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After The Last Session…Now What???!!

October 7th, 2019
By Annélie Anestin, PhD, Psychologist

Now what? In my opinion, that is one of the most important and emotionally charged question to be explored in psychotherapy. Before discussing the end of a therapeutic relationship, allow me to backtrack a little. When psychotherapy is started, my role is to assist clients in fostering their autonomy to identify the nature of their struggles, learn coping strategies to alleviate their distress and raise their awareness of self-efficacy. As my colleague Andrea described in her blog post about life therapy: “we believe that psychotherapy is not for life and we strive to help clients identify what can make them feel their best and build a life from which they don’t need to escape from”. 

Throughout the therapeutic process, progress is monitored and at some point, an agreement is reached to end therapy. To me, that is always a special moment to witness…seeing clients feel better and believing in themselves that they can enjoy life and cope with its challenges is so uplifting! That last part, … coping with life’s struggles… is what the “Now what?” refers to. I have been asked that question by almost every client during the last session. Despite feeling better, clients are often concerned with a fear of relapse. What if my depression comes back, what if I have another panic attack? What if I get in another fight with my husband or son? These fears are very common and important to acknowledge. The answer is Now you live, Now you enjoy what you worked so hard to build for yourself, Now you focus on your priorities and values. Trust yourself that you have the coping skills to face these challenges. Not convinced? Here are a few tips to help you navigate the fear of relapse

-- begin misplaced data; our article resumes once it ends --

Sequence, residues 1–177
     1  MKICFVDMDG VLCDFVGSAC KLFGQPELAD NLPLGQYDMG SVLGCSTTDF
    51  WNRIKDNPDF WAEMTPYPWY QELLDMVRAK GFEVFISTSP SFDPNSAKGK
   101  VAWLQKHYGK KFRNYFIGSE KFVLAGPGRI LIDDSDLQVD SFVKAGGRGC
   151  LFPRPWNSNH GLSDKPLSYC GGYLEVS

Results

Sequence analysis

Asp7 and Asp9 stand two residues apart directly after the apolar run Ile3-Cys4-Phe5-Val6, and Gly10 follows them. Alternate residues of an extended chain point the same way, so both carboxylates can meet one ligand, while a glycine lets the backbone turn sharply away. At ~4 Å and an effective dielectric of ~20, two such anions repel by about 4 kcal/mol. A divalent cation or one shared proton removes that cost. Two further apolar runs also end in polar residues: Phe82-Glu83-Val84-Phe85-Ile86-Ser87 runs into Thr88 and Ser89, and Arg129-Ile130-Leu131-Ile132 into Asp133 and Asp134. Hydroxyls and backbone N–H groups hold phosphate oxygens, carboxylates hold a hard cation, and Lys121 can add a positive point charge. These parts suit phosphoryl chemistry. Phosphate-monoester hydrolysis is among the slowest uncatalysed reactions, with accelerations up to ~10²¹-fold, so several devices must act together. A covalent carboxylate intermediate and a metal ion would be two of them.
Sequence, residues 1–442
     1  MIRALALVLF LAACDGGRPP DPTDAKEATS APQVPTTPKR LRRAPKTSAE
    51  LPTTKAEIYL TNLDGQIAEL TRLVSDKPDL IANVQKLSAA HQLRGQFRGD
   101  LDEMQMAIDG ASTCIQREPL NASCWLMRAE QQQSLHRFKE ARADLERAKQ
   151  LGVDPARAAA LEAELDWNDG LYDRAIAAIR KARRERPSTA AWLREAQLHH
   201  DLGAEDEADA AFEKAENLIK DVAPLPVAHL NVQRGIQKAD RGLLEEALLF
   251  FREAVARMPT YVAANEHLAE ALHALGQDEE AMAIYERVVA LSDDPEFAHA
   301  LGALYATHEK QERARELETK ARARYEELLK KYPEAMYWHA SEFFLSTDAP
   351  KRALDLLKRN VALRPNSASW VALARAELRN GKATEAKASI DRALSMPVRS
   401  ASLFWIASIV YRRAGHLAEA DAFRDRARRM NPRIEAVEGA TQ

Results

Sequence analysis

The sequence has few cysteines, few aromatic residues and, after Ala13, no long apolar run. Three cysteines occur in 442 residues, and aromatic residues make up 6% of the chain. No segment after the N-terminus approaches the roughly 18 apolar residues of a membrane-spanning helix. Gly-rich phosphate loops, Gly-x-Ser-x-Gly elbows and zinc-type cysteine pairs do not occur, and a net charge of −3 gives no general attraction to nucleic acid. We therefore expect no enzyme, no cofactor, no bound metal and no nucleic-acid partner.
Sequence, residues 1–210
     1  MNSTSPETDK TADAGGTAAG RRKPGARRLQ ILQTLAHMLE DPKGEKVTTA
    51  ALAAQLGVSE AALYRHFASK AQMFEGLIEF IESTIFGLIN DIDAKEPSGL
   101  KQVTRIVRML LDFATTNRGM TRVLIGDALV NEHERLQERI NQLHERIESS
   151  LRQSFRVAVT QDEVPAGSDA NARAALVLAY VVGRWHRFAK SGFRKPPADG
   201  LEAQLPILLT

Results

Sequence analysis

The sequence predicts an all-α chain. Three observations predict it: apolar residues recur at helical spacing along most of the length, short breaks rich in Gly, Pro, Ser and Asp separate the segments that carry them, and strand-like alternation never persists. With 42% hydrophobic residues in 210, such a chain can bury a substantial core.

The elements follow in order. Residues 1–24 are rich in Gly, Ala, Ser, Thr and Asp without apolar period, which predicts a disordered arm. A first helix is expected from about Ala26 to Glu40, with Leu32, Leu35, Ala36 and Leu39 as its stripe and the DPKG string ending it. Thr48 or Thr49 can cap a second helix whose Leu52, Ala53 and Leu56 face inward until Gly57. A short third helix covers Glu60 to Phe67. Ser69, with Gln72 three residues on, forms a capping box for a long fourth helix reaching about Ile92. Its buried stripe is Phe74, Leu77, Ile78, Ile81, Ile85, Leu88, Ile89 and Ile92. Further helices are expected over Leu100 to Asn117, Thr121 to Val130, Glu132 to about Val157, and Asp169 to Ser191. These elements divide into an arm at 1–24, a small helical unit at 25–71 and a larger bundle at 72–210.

• Differentiate between experiencing a lapse and a relapse. The former is very common and happens when you go back to your unhelpful habits for a short period of time. For example, avoiding making a business phone call for 1 day or 2 because you are too nervous. The latter refers to resuming all your previous coping mechanisms and thinking patterns. For example, coming up with an excuse or delegating to others all business phone calls to avoid feeling anxious and telling yourself you will make a fool of yourself.  
  • Identify possible triggers that can lead to a lapse or relapse. For example, lack of sleep, interpersonal conflict, stressful life situation, lack of self-care routine, etc.
  • Remind yourself what was helpful during the therapeutic process to deal with these triggers. For example, challenging your thoughts, deep breathing, emotional processing strategies, problem solving strategies, etc.
  • Be compassionate towards yourself. Being self-critical for falling in your old ways will make you fall in them that much more. Instead, adopt a self-compassion stance: be kind and patient with yourself and recognize that you are in a challenging situation, which happens to the best of us, and that you have the coping skills to deal with it even if at this very moment, you don’t feel like you do.
  • Have a look at this link providing detailed information and tips regarding fear of relapse: https://anxietycanada.com/sites/default/files/RelapsePrevention.pdf

In a nutshell, that is it after the last session. Acknowledge the fear of relapse but remember what you learned about yourself throughout the therapeutic process that led to your progress. Lastly, know that your psychologist is always available for a booster session!


About the author

Annélie S. Anestin received her Ph.D/Psy.D in Research and Clinical Psychology at UQAM and is a psychologist at Connecte Montreal Psychology Group. The team at Connecte loves writing about ways to boost our mental health and bring psychology into our everyday lives. For more helpful tips, check out Connecte’s blogs, podcast, follow @connectepsychology on Instagram or like us on Facebook.